Labonte on Bouris, 'Complex Political Victims'
Erica Bouris. Complex Political Victims. Bloomfield: Kumarian Press, 2007. 256 pp. $24.95 (paper), ISBN 978-1-56549-232-5.
Reviewed by Melissa T. Labonte (Department of Political Science, University of Richmond) Published on H-Human-Rights (October, 2007)
If there is anything that trends in contemporary conflict tell us, it is that a critical reexamination and reformulation of the concept of "political victim" is long overdue. Erica Bouris's Complex Political Victims represents a contribution to this otherwise understudied area within human rights scholarship. The prevailing discourse utilized by states and other actors to recognize and respond to political victims is replete with homogenized and simplified dyads that delimit the who, what, why, and how of political victimhood. When combined with other factors, this predilection profoundly affects our thinking about who is a "legitimate" victim and may inhibit effective policy response, both of which can compromise the prospects for sustainable peace in conflict transition settings.
Working within the realms of qualitative discourse analysis and post-structuralist theory, Bouris develops an alternative to the conventional discourse on political victimization that seeks to "disturb those practices that are settled, untie what appears to be sewn up, and render as produced that which claims to be naturally emergent." (p. 6) She applies her framework across two cases, the plight of Bosnian Muslims during the Yugoslav civil war, and the work of the South African Truth and Reconciliation Commission (TRC). Collectively these cases illustrate the partiality of current approaches to peacebuilding (broadly defined) and conflict resolution. Such approaches strip away vital dimensions of political victimization and distill it into simple, binary relationships that constitute the "ideal" victim, who is typically associated with four characteristics: innocence, purity, lack of responsibility, and moral superiority.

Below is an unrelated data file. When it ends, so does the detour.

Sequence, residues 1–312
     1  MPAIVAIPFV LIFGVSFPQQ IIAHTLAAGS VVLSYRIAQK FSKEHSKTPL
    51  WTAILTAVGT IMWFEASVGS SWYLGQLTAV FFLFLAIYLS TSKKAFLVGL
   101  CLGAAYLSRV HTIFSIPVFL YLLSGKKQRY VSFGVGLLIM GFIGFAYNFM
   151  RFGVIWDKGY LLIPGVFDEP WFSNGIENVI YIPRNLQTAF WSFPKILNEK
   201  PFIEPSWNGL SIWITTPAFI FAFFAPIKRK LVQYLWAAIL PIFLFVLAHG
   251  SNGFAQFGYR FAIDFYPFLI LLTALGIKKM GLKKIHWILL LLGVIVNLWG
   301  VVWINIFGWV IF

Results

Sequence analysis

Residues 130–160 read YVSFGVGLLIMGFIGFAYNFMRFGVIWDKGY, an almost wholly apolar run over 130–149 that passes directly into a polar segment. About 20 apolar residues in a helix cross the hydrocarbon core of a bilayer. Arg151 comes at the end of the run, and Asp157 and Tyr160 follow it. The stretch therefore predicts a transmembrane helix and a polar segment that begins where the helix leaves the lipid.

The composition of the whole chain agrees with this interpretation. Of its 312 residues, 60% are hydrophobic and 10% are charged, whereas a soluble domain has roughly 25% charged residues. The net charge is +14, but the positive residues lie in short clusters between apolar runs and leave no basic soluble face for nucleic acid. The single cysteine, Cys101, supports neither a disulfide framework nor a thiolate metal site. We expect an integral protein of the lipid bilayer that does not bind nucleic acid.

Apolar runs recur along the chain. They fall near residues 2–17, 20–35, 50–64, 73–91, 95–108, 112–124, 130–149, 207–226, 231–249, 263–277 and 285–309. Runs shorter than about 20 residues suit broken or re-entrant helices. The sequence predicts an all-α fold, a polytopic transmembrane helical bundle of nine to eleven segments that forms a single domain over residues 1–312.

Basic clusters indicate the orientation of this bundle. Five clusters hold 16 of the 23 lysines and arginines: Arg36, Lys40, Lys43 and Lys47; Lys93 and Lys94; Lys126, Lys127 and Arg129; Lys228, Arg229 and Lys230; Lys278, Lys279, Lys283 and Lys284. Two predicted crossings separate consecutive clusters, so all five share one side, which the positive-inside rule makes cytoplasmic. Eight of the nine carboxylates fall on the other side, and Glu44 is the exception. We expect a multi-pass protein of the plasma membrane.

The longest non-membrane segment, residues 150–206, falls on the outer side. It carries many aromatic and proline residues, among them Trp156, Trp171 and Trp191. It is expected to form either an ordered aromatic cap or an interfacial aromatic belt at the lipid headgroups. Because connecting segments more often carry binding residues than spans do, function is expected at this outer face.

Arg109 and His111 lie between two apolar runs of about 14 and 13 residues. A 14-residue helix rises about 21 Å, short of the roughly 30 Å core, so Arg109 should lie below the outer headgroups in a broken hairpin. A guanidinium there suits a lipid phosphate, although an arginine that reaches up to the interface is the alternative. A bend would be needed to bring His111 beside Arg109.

Peace-based approaches and justice-based approaches to peacebuilding, for example, each draw on an "impoverished understanding of the victim" (p. 22). Interest-based approaches to conflict resolution ignore the "victim" and focus instead on combatant groups and power-brokers whose cooperation is central to securing peace agreements. Social psychology-based approaches to conflict resolution, while an improvement on interest-based approaches (its discourse is of mutual victimization), fail to problematize sufficiently the notion of "responsibility" and lack a complex understanding of victim identity per se. Finally, rights-based approaches to peacebuilding fall back upon a "given" understanding and image of "victim" (pp. 23-27). The characteristics of the ideal victim thus become instrumental in how each approach functions--but none of these approaches succeeds in developing a "notion of the complexity of the victim identity" (p. 28). Bouris extends this debate by developing a rich narrative that elegantly traces, compares, and contrasts "ideal" and "complex" victim discourses.